“As much as I love the convenience of wireless charging, I’m switching back to a cable,” Adrian Kingsley-Hughes reports for ZDNet. “Back in January, I became suspicious that regularly using wireless charging wouldn’t be good for the long-term health of my iPhone’s battery.”
“According to Apple, the battery ‘is designed to retain up to 80 percent of its original capacity at 500 complete charge cycles,’ and beyond that, the battery is considered worn and heading toward end-of-life,” Kingsley-Hughes reports. “Realistically I’m expecting to hit the 500 mark in less than 18 months if I don’t change my habits. Previously I would have expected an iPhone to make it closer to the 36-month/three-year mark before hitting the 500 recharge cycle (working out as a full recharge every couple of days or so).”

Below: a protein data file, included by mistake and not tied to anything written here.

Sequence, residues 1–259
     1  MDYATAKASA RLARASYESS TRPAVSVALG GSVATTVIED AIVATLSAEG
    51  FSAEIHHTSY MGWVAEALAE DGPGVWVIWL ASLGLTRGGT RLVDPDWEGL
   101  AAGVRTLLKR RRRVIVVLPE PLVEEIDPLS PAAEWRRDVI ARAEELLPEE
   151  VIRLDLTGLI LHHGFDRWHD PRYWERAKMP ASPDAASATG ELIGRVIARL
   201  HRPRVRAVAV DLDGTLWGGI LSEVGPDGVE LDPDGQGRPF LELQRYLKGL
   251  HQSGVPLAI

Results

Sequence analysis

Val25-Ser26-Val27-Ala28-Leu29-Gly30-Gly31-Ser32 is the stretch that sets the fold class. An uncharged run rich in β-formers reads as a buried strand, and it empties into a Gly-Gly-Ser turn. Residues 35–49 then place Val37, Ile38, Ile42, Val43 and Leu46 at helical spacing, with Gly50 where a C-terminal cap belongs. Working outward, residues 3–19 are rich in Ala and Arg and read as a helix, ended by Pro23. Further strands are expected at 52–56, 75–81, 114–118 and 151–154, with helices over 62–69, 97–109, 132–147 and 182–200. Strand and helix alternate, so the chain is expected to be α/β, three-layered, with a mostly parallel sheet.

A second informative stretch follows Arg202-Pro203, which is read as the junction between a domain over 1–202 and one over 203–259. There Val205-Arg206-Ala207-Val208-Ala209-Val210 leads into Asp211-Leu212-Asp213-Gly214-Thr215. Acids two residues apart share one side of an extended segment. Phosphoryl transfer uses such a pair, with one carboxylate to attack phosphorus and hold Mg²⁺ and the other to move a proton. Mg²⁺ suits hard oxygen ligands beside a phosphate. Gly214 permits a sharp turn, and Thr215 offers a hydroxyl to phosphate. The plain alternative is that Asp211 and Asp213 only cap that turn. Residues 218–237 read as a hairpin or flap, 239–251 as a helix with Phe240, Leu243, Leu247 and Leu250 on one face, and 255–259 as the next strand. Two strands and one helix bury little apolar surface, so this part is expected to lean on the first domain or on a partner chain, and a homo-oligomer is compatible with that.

“The issue is that when the iPhone is being charged using a cable, the phone is being powered by the cord (there is some load on the battery, but it’s minimal), but when using wireless charging, the battery is what’s powering the iPhone, with the wireless charger only being used to top up the battery,” Kingsley-Hughes reports. “This means that by switching from a cable to a wireless charger, my battery isn’t getting a break, and in turn, this is making me go through recharge cycles at an even faster rate.”
Read more in the full article here.
MacDailyNews Take: We all have iPhone X units here and we charge them with cables, not wireless chargers – mainly because we’re waiting for Apple’s AirPower, but also because after a decade+ of iPhones, we have our routines and they don’t involve charging pads (that are, by the way, cabled themselves anyway).